Studies on Internet usage report that two out of three people actively use social media. Average usage varies between 30 minutes to four hours a day depending on the demographic you look at. Social media has clearly reached critical mass and become a way of life for many people. You find people checking their favorite social media applications everywhere—at the supermarket, on the train, in the car, and I can only guess, but probably in bed. It makes me wonder what people spent their time doing before Facebook, Google+, Pinterest, LinkedIn, and Twitter. It also makes me wonder if some wouldn’t be better off without social media.
Don’t misunderstand. I know social media offers many benefits. Social media enables friends to stay in touch, business acquaintances to exchange information, and ideas to be shared to name just a few. However, there are also liabilities. People become so engrossed in their virtual world of informational updates that they ignore opportunities for genuine old-fashioned face-to-face conversation. They ignore their work and family responsibilities. They even crash their cars because they look at their phones instead of the road.
From a marketing perspective, social media and messaging can be a liability too—especially to the consumer. Marketers frequently abuse their unlimited ability to send information to the masses by bombarding us with a cacophony of sales and marketing noise. They generate messages daily that drown us in advertisements and superfluous updates. In retaliation, as if in a battle, we use software filters to delete their unwanted spam.
So here we are. People are employing systems to send messages to people who don’t want them and people are employing systems to filter out unwanted messages from those who send them. Systems are talking to systems and Internet usage statistics continue to set new records. Am I the only one who thinks that the quality isn’t going up with the quantity?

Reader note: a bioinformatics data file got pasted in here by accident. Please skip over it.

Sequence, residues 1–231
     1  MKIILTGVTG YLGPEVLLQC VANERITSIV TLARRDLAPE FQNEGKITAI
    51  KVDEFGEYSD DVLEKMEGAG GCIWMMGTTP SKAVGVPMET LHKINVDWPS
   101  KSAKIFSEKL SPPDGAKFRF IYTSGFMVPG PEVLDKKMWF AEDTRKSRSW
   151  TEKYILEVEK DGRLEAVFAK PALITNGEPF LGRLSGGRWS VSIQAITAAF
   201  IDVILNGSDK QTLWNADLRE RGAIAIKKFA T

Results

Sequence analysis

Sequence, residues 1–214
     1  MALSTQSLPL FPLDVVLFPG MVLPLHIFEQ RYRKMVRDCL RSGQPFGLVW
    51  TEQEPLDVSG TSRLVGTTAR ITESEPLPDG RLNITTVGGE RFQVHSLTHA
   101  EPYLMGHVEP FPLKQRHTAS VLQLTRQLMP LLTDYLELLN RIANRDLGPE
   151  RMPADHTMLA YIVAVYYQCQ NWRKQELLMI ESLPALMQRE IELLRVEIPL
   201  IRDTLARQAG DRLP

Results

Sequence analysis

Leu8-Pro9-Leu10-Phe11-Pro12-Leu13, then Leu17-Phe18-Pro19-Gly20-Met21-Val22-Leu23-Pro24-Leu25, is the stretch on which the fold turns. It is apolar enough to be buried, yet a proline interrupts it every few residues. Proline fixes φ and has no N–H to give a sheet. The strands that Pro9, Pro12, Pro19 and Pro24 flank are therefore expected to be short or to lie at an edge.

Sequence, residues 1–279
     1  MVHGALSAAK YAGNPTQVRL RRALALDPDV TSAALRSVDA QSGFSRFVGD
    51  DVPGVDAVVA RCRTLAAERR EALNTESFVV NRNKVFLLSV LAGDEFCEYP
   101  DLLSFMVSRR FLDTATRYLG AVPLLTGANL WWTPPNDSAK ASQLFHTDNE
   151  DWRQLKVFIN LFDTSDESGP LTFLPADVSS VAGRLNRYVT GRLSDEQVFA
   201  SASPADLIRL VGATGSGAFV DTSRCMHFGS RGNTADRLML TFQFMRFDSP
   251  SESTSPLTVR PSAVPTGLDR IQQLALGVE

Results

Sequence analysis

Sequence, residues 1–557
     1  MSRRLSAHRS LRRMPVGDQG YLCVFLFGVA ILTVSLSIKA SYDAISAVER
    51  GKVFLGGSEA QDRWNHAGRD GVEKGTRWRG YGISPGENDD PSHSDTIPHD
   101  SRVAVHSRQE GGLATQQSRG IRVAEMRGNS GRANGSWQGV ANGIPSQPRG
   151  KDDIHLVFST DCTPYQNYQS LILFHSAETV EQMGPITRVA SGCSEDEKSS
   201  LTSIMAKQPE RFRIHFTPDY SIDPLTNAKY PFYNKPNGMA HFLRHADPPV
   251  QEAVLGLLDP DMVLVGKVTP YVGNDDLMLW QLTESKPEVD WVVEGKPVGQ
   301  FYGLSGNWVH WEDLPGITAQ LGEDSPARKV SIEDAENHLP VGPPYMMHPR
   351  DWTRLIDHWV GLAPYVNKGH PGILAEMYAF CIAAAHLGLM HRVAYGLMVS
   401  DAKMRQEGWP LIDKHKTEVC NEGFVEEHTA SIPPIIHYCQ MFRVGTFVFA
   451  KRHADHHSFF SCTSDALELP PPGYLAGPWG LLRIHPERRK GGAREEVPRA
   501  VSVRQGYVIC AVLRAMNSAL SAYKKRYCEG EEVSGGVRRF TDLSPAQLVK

Social media and messaging are here to stay because they offer many benefits, but don’t believe all the hype. If you are marketing a product or service, be careful about replacing quality with quantity. Just because you can send information to everyone doesn’t mean you should. Volume alone isn’t effective. As a consumer, neither is all the information you receive worth the time to read it.
Regardless of your social media and messaging intentions, here are five social media and electronic messaging liabilities to be wary of:
1. Hiding behind an online facade – Use online messaging to complement your communications, not replace it. There is still tremendous value in creating genuine relationships based on old-fashioned face-to-face communications. People still want to conduct business with people they truly know and trust. People still want to have real-time interactive conversations, not simple batch exchanges of 140-160 character messages.
2. Being careless with distance – When people are surrounded by the protection of their automobile, they say and do things they wouldn’t normally do. The same holds true for messaging. In the same way that people regret their actions behind the wheel of a car, so do people who are too quick to say what’s on their mind and hit the send button. Use discretion in what you choose to put online. Realize that it is equivalent to publishing content on the front page of a newspaper.
3. Allowing quantity to replace quality – Big usage statistics and subscriber numbers might seem impressive, but they are meaningless if they don’t translate into results. Volume only counts when it produces value. Landing in someone’s spam filter is not valuable and nothing to be proud of. Neither are messages that make false claims, sensationalize the foolish, and set low standards for writing style. Don’t succumb to the philosophy that mediocrity is all right. It isn’t.
4. Putting more value on knowing than doing – Knowledge is valuable and staying informed is a worthwhile pursuit—to a point. When you find yourself spending more time being informed and entertained than doing, know that you’ve become a spectator rather than a practitioner. Consider that you don’t have to know constantly what people are doing, or let them know what you are doing. Replace some knowing with some doing. Don’t let your experience be conceptual.
5. Losing focus and being eternally distracted – When you have work to do or a project to complete, turn off your messaging. When you are in a meeting or talking to someone, turn off your notifications. When your mental presence is supposed to be part of your physical presence, allocate your attention commensurately. Be respectful and disciplined enough to give your attention to that which is most important, not merely that which vibrates or rings every few seconds.
Use social media and electronic messaging to complement great communications and enable great results, not supplant them.